"We are out of place phenomena," said Anna. "Those UFO crashes happened a few years ago, so we're not the whole reason this timeline is different in that way. But the existence of NICOPP and the fact that we're OPP could explain why a couple of people of whom who were previously unaware are now positioned to be significant to you."
"Yes," said Maggie. "That you have met these people in this timeline means they will probably notice the change in you."
I grimaced as I looked at the photo album. "Maybe we really should just disappear, before we involve the O'Malleys in some kind of weird scene."
"Too late!" cried Nan, cheerfully.
"You're not running away on your own, Lisa. We already talked about that. I won't let you," said Sean.
"Sean and Nan were going to Ann Arbor this weekend to stay with Kevin and Brigid for a week, look around the University and talk about Sean boarding with them this coming year. We'd talked about you going along. That's part of why it was so surprising for you to show up here with your two friends."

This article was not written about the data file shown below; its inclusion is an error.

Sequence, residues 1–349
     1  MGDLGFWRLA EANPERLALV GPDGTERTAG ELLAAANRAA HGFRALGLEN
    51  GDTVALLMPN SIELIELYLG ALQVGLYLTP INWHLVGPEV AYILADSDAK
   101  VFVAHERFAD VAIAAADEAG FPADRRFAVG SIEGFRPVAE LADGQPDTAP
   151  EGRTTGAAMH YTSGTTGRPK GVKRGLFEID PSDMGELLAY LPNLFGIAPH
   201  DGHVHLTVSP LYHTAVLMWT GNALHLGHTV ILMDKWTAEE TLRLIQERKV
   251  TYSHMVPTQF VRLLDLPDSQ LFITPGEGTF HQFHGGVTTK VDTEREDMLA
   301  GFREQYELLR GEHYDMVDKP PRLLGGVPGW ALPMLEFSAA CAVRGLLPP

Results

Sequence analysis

"I see. So I need to figure out what we're going to do, and soon."
"Well, we're not going to put you out on the street, Lisa." said Patrick. "You're family. You could think about going along with Sean and Nan. That house in Ann Arbor certainly has room for all of you. We've all stayed there together before."
"Patrick, you and I need to talk about a few things," said Aunt Sarah. "Can you kids amuse yourselves until time for bed? Is there anything on TV?"
"Oh!" said Nan, looking at TV Guide. "This may be a creepy coincidence, but The Day the Earth Stood Still is on at 8:00."
"Awesome!" said Sean.
"Klaatu barada nikto!" I said. "You'll find this highly amusing, Anna and Maggie."
"Okay?" they said in unison.
"Popcorn?" said Sean.
"On it," said Nan.
"I'll help," offered Anna.
"Do you know anything about making popcorn?" asked Nan.
"Not a thing. I'm not even sure what it is."
"Okay, I'll teach you." They headed to the kitchen.
"There's a pitcher of lemonade in the fridge," said Aunt Sarah. "I'll trust you all to clean up, and you to lock up, Sean. Good-night, everyone."